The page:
Criticism can also be kindly. If we have a criticism to voice we need to question ourselves as to our motivation. If we genuinely have the other person’s best interests at heart and feel that we can communicate our criticism in a way that is helpful, then it is appropriate to be critical. Such criticism is compassionate. Unless we are unusually aware and perceptive, we probably need to know someone quite well before we can tell what is really in their best interests, except in a general way. The Buddha, in the Dhammapada, goes so far as to say that we should associate with those who criticise us constructively.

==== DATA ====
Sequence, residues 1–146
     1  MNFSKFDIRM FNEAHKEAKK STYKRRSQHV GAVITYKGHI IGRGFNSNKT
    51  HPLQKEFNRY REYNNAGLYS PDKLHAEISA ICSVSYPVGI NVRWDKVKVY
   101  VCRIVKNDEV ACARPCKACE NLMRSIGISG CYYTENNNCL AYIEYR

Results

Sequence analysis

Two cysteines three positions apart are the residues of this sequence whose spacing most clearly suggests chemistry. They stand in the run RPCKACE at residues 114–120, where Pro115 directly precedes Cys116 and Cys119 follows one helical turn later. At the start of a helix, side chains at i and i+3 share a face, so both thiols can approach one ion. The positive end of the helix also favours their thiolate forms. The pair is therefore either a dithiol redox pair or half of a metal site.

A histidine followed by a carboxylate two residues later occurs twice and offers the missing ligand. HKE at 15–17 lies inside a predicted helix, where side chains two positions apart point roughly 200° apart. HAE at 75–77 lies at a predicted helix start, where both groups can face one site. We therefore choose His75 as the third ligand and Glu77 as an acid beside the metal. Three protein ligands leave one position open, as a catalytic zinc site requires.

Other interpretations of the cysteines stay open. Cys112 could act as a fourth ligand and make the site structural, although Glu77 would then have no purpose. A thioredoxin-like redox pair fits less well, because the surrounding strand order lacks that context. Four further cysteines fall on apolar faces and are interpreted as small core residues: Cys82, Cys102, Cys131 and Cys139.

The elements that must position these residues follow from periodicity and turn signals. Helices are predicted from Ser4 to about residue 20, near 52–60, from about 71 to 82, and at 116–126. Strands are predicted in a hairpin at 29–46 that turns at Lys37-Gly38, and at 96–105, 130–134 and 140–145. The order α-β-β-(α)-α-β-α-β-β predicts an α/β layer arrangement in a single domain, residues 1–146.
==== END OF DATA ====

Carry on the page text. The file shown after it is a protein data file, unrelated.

“Should one see a man of understanding who, as if indicating a buried treasure, points out faults and administers reproof (Reproof: sitem; azar; serzeniş) , let one associate with such a spiritually mature person” (verse 76). 

   Harsh and unkind speech takes many forms, some very overt and some hidden. Overtly harsh and unkind speech are such things as swearing, teasing (Teasing: sataşma; alay) , cynicism, abusive language, and so on. Hidden harsh and unkind speech are such things as malicious (Malicious: kötü niyetli; habis; kasten) humour, ‘back-biting’ (Back-biting: arkadan çekiştirme) and whatever other ways we use to give vent (To vent: ifade etmek; göstermek) to our negative emotions indirectly.